Federal Report Touts Appalachian Gas Storage Hub
A new report fedeal report finds developing ethane storage in Appalachia could provide a boost for the entire petrochemical industry.
The report, asked for by members of Congress and released Tuesday by the U.S. Department of Energy, examined the feasibility of developing underground storage and distribution infrastructure for ethane, a natural gas liquid brought up during shale drilling and a key feedstock for most plastics.
The findings were praised by Energy Secretary Rick Perry, who added that the Trump administration also supports ethane storage in the region.
“There is an incredible opportunity to establish an ethane storage and distribution hub in the Appalachian region and build a robust petrochemical industry in Appalachia,” he said, in a press release. “As our report shows, there is sufficient global need, and enough regional resources, to help the U.S. gain a significant share of the global petrochemical market. The Trump Administration would also support an Appalachia hub to strengthen our energy and manufacturing security by increasing our geographic production diversity.”
The Marcellus and Utica shale formations, located under West Virginia, Ohio and Pennsylvania, are ethane-rich, and the agency estimates the largest growth in natural gas liquids production is expected from this region.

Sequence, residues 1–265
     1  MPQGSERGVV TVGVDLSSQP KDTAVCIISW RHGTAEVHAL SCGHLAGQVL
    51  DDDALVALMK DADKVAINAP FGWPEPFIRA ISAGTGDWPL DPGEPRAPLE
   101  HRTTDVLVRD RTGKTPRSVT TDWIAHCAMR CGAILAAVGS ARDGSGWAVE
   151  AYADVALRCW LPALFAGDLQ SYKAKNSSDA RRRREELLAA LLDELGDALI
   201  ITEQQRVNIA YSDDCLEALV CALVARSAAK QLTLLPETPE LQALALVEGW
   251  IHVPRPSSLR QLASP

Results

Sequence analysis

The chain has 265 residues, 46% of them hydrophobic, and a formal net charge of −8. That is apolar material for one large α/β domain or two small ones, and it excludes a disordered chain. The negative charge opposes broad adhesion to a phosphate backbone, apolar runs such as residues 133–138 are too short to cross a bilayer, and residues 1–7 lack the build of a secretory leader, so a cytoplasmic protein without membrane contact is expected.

"Ethane production in Appalachia is projected to continue its rapid growth in the coming years, reaching 640,000 barrels per day in 2025 – more than 20 times greater than regional ethane production in 2013," the report states.
Developing a natural gas liquid storage "hub" is critical to growing the plastics and chemicals industries.
Some storage capacity is under development in the region.
Energy Storage Ventures LLC is developing the Mountaineer NGL Storage project. When completed, the project would store 2 million barrels of ethane, butane and propane in four underground salt caverns on a 200-acre site, about a mile north of Clarington, Ohio, on the Ohio River.
Another high-profile public-private natural gas liquid storage project is also in the works. The Appalachia Storage and Trading Hub cleared its first major hurdle earlier this year when it got approval for the first of two phases for a $1.9 billion U.S. Department of Energy loan.
Republican Sen. Shelly Moore Capito of West Virignia priased the report's findings in a tweet.
DOE said building underground storage and distribution in Appalachia could benefit the entire industry and offer a "competitive advantage," in part because it would diversify where ethane is stored geographically.
Currently, the bulk of America’s petrochemical industry and 95 percent of ethane storage is located near the Gulf Coast, which makes it vulnerable to climate change and extreme weather events.
The report focused largely on the economic benefits of ethane storage and did not examine the environmental costs, or factor in how increased flooding across Appalachia due to climate change might affect ethane storage or a petrochemical system.
Environmental groups say ethane storage and any petrochemical industry buildout in the region jeopardizes the region's air and water quality and would negatively impact public health.